Whether or not petitioner is still entitled to retain for his own exclusive benefit all the fruits of the property.


We find this contention untenable.

There is no question that a possessor in good faith is entitled to the fruits received before the possession is legally interrupted.  Possession in good faith ceases or is legally interrupted from the moment defects in the title are made known to the possessor, by extraneous evidence or by the filing of an action in court by the true owner for the recovery of the property. Hence, all the fruits that the possessor may receive from the time he is summoned in court, or when he answers the complaint, must be delivered and paid by him to the owner or lawful possessor. 

However, even after his good faith ceases, the possessor in fact can still retain the property, pursuant to Article 546 of the New Civil Code, until he has been fully reimbursed for all the necessary and useful expenses made by him on the property. This right of retention has been considered as one of the conglomerate of measures devised by the law for the protection of the possessor in good faith. Its object is to guarantee the reimbursement of the expenses, such as those for the preservation of the property, or for the enhancement of its utility or productivity. It permits the actual possessor to remain in possession while he has not been reimbursed by the person who defeated him in the possession for those necessary expenses and useful improvements made by him on the thing possessed. The principal characteristic of the right of retention is its accessory character. It is accessory to a principal obligation. Considering that the right of the possessor to receive the fruits terminates when his good faith ceases, it is necessary, in order that this right to retain may be useful, to concede to the creditor the right to secure reimbursement from the fruits of the property by utilizing its proceeds for the payment of the interest as well as the principal of the debt while he remains in possession. This right of retention of the property by the creditor, according to Scaevola, in the light of the provisions of Article 502 of the Spanish Civil Code, is considered not a coercive measure to oblige the debtor to pay, depriving him temporarily of the enjoyment of the fruits of his property, but as a means of obtaining compensation for the debt. The right of retention in this case is analogous to a contract of antichresis and it can be considered as a means of extinguishing the obligation, inasmuch as the right to retain the thing lasts only for the period necessary to enable the creditor to be reimbursed from the fruits for the necessary and useful expenses.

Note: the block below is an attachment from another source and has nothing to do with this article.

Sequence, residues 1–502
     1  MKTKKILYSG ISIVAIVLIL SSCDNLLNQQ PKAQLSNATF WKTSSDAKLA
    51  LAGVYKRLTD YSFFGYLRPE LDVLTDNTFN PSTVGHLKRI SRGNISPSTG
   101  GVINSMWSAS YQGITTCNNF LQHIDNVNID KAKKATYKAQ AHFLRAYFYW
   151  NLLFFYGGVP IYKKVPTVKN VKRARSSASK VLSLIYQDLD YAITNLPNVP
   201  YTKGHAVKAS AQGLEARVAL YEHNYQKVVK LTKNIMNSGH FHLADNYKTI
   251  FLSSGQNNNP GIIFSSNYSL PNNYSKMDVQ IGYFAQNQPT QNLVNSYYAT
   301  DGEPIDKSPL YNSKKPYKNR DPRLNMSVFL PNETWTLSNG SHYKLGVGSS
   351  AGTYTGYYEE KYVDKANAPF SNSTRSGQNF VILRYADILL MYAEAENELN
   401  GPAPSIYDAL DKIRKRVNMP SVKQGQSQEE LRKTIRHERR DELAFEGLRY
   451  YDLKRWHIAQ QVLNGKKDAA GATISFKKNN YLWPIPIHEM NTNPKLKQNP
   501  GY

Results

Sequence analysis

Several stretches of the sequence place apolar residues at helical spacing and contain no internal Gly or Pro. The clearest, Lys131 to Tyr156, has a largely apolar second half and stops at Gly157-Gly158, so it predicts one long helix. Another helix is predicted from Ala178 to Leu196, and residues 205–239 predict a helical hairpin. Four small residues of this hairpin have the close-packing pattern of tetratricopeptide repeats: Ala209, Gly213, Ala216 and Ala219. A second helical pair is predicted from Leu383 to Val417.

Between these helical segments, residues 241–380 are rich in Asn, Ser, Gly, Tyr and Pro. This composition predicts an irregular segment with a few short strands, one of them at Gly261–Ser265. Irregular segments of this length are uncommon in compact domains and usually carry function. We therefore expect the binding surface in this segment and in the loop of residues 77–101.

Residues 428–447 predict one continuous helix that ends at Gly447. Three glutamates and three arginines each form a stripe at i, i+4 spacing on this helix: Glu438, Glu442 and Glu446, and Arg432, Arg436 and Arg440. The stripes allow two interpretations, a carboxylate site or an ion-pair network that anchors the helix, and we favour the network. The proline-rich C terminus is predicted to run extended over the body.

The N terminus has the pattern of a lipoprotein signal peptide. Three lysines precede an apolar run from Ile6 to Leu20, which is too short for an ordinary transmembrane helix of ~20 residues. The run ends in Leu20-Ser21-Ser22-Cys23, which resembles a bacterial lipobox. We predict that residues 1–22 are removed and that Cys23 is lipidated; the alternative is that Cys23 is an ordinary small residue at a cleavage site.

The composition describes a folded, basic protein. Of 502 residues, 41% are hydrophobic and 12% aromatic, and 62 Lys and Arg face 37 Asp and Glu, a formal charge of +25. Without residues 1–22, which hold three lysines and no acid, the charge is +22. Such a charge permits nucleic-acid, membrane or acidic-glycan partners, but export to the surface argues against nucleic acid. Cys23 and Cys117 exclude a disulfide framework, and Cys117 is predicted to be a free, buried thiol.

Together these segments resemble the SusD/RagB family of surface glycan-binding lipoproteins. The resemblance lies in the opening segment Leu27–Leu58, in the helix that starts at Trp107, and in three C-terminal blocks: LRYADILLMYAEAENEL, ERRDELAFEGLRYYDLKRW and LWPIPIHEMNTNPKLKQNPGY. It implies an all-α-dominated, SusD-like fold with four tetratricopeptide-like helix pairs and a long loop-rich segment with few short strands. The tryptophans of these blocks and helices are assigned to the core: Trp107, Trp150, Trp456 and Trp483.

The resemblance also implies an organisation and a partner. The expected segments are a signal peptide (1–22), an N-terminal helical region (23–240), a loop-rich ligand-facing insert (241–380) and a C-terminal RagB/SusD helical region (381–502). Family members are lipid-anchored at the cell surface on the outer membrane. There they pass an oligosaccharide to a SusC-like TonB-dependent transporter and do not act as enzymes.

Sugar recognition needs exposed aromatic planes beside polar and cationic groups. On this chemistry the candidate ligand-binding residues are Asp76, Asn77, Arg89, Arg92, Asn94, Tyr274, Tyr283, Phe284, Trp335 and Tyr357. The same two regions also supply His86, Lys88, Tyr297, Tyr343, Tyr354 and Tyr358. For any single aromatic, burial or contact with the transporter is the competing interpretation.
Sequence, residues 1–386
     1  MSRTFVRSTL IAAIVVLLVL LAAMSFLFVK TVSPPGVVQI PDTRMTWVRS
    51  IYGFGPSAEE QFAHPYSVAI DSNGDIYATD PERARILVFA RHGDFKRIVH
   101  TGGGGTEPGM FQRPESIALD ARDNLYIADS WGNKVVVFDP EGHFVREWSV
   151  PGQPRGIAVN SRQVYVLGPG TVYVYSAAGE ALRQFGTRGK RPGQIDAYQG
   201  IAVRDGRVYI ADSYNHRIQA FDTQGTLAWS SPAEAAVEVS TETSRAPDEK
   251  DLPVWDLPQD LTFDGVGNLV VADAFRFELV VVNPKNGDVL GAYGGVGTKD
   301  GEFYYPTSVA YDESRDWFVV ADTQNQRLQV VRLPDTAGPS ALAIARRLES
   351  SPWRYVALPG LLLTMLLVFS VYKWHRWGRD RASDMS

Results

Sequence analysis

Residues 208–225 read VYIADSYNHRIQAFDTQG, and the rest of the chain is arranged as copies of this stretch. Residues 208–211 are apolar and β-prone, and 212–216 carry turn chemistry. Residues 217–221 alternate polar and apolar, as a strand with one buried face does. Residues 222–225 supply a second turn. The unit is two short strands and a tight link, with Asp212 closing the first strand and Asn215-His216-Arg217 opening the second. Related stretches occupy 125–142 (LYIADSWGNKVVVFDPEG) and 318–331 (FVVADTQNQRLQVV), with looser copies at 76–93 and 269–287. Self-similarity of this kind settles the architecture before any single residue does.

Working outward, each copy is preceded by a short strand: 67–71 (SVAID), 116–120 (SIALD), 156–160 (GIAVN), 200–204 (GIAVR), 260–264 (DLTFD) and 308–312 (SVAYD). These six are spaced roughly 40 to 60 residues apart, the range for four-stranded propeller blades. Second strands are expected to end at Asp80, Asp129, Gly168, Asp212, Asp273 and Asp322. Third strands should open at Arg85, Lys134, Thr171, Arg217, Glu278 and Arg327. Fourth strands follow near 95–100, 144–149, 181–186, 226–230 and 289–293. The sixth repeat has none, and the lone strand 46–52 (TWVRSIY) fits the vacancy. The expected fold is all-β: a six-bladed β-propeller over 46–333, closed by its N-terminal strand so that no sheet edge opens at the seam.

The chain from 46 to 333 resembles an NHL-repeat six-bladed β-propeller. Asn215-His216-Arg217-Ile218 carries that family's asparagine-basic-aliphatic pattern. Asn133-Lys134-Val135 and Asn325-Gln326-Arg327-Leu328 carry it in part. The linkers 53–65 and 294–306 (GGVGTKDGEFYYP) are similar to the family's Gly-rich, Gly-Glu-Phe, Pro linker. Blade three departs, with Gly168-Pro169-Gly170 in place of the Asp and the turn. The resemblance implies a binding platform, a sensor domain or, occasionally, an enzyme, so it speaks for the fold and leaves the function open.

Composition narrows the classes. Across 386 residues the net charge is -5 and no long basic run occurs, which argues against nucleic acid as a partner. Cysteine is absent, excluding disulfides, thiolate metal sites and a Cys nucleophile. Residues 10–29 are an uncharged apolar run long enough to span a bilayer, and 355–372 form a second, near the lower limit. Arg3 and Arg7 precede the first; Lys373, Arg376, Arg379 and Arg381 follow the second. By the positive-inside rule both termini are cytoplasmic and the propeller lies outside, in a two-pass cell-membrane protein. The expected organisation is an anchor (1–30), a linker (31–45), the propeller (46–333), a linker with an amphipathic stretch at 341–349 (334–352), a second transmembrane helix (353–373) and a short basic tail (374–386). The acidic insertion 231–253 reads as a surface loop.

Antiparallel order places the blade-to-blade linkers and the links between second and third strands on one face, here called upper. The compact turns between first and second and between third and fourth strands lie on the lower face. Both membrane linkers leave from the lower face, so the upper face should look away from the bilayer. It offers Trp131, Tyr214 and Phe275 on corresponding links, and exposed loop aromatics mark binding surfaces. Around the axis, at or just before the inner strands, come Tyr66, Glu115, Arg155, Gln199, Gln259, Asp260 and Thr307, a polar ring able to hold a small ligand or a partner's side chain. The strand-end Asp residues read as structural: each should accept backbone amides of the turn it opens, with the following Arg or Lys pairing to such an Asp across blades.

According to Manresa, the right of retention is, therefore, analogous to that of a pledge, if the property retained is a movable, and to that of antichresis, if the property held is immovable. This construction appears to be in harmony with similar provisions of the civil law which employs the right of retention as a means or device by which a creditor is able to obtain the payment of a debt. Thus, under Article 1731 of the New Civil Code, any person who has performed work upon a movable has a right to retain it by way of pledge until he is paid. Similarly, under Article 1914 of the same Code, the agent may retain in pledge the things which are the object of the agency until the principal effects reimbursement of the funds advanced by the former for the execution of the agency, or he is indemnified for all damages which he may have suffered as a consequence of the execution of the agency, provided he is free from fault. To the same effect, the depositary, under Article 1994 of the same Code, may retain the thing in pledge until the full payment of what may be due him by reason of the deposit. The usufructuary, pursuant to Article 612 of the same Code, may retain the property until he is reimbursed for the amount paid for taxes levied on the capital (Article 597) and tor extraordinary repairs (Article 594).

In all of these cases, the right of retention is used as a means of extinguishing the obligation. As amply observed by Manresa: "El derecho de retencion, lo hemos dicho, es el derecho de prenda o el de anticresis constituido por la ley con independencia de las partes."  In a pledge, if the thing pledged earns or produces fruits, income, dividends or interests, the creditor shall compensate what he receives with those which are owing him. In the same manner, in a contract of antichresis, the creditor acquires the right to receive the fruits of an immovable of his debtor with the obligation to apply them to payment of the interest, if owing, and thereafter to the principal of his credit.  The debtor can not reacquire enjoyment of the immovable until he has actually paid what he owes the creditor. 

Applying the afore-cited principles to the case at bar, petitioner cannot appropriate for his own exclusive benefit the tolls which he collected from the property retained by him. It was his duty under the law, after deducting the necessary expenses for his administration, to apply such amount collected to the payment of the interest, and the balance to the payment of the obligation.